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Friday, December 03, 2010

Its An Alien!

Or not. When the news broke yesterday that a new form of life was discovered in a lake in California, I was intrigued.

In a bombshell that upends long-held assumptions about the basic building blocks of life, scientists have discovered a a whole new type of creature: a microbe that can live on arsenic.
It is unlike every other lifeform on the planet - from the simplest plant to the most complex mammal.

Looking a bit deeper, it appears that this bacterium has just replaced phosphorus with the chemically similar arsenic in its chemistry, and it isn't a radically different "new form of life."

Now, I'm very interested in science, and I am probably better read on the subject than the average Joe, but I'm no biologist, so trying to wrap my head around what's actually occuring in this critter isn't the easiest thing to do, especially with the media freak-out. Luckily, PZ Myers rides to the rescue!

Scientists started out the project with extremophile bacteria from Mono Lake in California. This is not a pleasant place for most living creatures: it's an alkali lake with a pH of close to 10, and it also has high concentrations of arsenic (high being about 200 µM) dissolved in it. The bacteria living there were already adapted to tolerate the presence of arsenic, and the mechanism of that would be really interesting to know…but this work didn't address that.

Next, what they did was culture the bacteria in the lab, and artificially jacked up the arsenic concentration, replacing all the phosphate (PO43-) with arsenate (AsO43-). The cells weren't happy, growing at a much slower rate on arsenate than phosphate, but they still lived and they still grew. These are tough critters...

What they also found, and this is the cool part, is that they incorporated the arsenate into familiar compounds*. DNA has a backbone of sugars linked together by phosphate bonds, for instance; in these baceria, some of those phosphates were replaced by arsenate. Some amino acids, serine, tyrosine, and threonine, can be modified by phosphates, and arsenate was substituted there, too. What this tells us is that the machinery of these cells is tolerant enough of the differences between phosphate and arsenate that it can keep on working to some degree no matter which one is present.

So what does it all mean? It means that researchers have found that some earthly bacteria that live in literally poisonous environments are adapted to find the presence of arsenic dramatically less lethal, and that they can even incorporate arsenic into their routine, familiar chemistry.

It doesn't say a lot about evolutionary history, I'm afraid. These are derived forms of bacteria that are adapting to artificially stringent environmental conditions, and they were found in a geologically young lake — so no, this is not the bacterium primeval.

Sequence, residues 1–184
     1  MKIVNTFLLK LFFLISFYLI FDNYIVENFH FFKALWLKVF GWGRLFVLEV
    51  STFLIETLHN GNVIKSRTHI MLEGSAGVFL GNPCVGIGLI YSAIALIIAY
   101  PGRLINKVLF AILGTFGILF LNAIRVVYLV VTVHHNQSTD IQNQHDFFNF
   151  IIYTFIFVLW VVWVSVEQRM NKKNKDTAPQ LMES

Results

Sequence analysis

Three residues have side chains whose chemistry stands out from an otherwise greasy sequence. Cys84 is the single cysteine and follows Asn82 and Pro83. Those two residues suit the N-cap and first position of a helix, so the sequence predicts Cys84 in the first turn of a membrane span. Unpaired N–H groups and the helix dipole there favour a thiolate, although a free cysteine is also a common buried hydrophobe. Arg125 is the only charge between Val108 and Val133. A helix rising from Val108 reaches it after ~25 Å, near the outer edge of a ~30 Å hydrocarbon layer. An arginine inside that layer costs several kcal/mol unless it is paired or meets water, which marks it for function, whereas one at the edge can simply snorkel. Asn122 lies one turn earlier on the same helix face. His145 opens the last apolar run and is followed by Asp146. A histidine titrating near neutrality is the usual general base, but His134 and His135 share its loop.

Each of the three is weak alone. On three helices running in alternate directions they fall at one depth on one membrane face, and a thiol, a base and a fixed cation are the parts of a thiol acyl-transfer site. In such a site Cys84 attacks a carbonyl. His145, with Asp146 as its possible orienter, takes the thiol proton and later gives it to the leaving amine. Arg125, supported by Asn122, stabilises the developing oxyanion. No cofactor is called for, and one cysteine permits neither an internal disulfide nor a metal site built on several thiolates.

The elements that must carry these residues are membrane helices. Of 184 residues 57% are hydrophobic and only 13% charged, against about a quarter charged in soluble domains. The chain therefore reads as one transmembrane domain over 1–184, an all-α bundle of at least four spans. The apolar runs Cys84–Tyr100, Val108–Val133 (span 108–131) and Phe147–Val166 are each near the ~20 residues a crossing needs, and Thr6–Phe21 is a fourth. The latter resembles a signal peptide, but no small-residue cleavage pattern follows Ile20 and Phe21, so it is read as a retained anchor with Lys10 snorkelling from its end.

On an unrelated note, PZ also gets some interesting e-mail from loving Christians.

Here's another take from an actual biologist.

Look, it's an exciting discovery, but everyone is over-hyping it. This bacteria is not an arsenic-based life form in the sense that we are carbon-based life forms. It does not use arsenic as a source of fuel. It does not exclusively build its DNA backbone using arsenic. It doesn't even really like to do that at all in the wild - it incorporates arsenic under laboratory conditions that force even higher concentrations of arsenic upon it. It is not a different type of life that arose separately from phosphate-using lifeforms.What it is is an excellent example of evolution. While coming from a phosphate-using ancestor, this bacteria has somehow adapted to an extreme environment that would kill most other organisms. I'm more interested in how it avoids death by this toxin than the fact that it incorporates a molecule extremely similar to phosphate into its DNA.

More here from an evolutionary biologist.

The truth is hugely less earth-shattering, but still very interesting. Rather as Lenski did with different chemical insults, these researchers kept bacteria in an arsenic-rich environment and selected out a strain that could tolerate arsenic. They went on to show that the bacteria evolved the ability to substitute arsenic for phosphorus (the two elements are an octave apart in the periodic table, and share many properties, which is precisely why arsenic plays such a starring role in our murder stories: the body can't easily distinguish arsenic from vitally needed phosphorus and then discovers its mistake too late).

So what we have here is a bacterium that adapted to survive in a very hostile enviroment, and utilize a resource in that enviroment that other organisms cannot use. Its a very cool example of evolutionary theory in both the lab and the field, but it is not a completly new form of life as the media implied.

(BTW, if you are unfamiliar with the Lenski experiment, it is fascinating in its own right)

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